Ultra high-def TV makes viewers throw up

SHV is a stunning technology, but it seems unlikely that we'll ever see much of it

We looked at Japan's Super Hi-Vision (SHV) ultra high-definition television system almost a year ago, but weren't warned then that the stunning quality and size of the images it spits out could have viewers losing their lunches.

According to an update on SHV by the BBC, the 4,320 horizontal and 7,680 vertical lines are likely to produce such intense video that anyone watching it at close quarters will be overcome with nausea.

Un-home theatre

Consequently, and also because of the sheer size of screen needed to accommodate SHV, of course, the company behind it - NHK - thinks the technology is unlikely to make it to the typical living room.

Instead, the Japanese state broadcaster will probably aim to sell SHV to art galleries or sports arenas, where the impressive resolution will either be needed or mitigated by a safe viewing distance, for example.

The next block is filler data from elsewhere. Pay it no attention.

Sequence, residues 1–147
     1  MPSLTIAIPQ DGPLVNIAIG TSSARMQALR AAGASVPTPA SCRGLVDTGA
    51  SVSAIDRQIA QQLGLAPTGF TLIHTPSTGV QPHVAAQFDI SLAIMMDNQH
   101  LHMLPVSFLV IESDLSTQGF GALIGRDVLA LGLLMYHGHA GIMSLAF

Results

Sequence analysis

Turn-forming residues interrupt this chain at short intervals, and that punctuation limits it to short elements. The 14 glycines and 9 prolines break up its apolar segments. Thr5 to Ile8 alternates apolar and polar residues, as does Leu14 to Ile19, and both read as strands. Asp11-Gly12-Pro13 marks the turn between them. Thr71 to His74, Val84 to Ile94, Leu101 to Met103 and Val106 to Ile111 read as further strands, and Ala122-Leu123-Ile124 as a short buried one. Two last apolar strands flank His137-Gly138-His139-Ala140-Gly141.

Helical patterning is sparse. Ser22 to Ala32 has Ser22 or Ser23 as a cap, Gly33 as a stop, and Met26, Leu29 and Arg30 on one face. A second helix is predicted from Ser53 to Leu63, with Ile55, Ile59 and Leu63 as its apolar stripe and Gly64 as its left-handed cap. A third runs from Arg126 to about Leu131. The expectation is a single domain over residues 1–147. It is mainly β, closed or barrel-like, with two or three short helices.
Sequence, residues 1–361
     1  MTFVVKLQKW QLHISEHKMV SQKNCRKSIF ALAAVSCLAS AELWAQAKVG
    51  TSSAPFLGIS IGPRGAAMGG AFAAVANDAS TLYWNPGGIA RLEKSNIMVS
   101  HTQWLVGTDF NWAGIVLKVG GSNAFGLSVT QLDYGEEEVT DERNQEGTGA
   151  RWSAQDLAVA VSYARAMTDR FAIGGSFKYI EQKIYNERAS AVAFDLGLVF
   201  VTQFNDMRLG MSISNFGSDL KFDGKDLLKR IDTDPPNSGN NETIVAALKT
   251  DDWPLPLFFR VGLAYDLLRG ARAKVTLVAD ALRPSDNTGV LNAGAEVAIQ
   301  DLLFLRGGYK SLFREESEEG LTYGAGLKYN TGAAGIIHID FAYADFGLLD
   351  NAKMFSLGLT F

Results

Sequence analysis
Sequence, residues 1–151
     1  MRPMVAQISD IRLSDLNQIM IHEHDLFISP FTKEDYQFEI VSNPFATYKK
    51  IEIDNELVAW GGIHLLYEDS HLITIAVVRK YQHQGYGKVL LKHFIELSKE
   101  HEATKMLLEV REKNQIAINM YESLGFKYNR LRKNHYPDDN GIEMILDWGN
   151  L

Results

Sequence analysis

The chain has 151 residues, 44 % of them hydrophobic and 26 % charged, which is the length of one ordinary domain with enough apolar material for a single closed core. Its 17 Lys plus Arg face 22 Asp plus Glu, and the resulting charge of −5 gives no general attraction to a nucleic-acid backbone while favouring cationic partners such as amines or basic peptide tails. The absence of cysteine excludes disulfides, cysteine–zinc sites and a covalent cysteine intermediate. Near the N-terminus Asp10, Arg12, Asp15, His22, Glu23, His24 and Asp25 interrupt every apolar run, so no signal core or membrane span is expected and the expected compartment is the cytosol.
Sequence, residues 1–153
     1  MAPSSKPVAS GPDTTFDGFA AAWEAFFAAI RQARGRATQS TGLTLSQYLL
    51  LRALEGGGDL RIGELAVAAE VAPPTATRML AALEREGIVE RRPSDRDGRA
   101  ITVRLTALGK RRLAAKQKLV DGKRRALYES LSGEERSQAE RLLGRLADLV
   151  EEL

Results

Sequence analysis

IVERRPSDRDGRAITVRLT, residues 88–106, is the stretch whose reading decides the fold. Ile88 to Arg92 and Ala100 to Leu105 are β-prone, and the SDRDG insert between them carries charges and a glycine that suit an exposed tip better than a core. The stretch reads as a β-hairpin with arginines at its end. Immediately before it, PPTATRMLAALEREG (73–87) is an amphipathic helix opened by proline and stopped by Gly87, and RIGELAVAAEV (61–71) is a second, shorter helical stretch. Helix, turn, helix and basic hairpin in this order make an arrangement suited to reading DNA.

Demanding data

On the technical side of things, there are also considerable hurdles that will throttle interest in the 16x HD TV standard. Not only are there just two SHV cameras in existence, but they also can record just 18 minutes of video a day and that takes up a massive 3.5TB of data-storage space.

Still, we're betting on one of SHV or the competing standard for spectacular high-def video from JVC making a name for itself before too much longer.

J Mark Lytle was an International Editor for TechRadar, based out of Tokyo, who now works as a Script Editor, Consultant at NHK, the Japan Broadcasting Corporation. Writer, multi-platform journalist, all-round editorial and PR consultant with many years' experience as a professional writer, their bylines include CNN, Snap Media and IDG.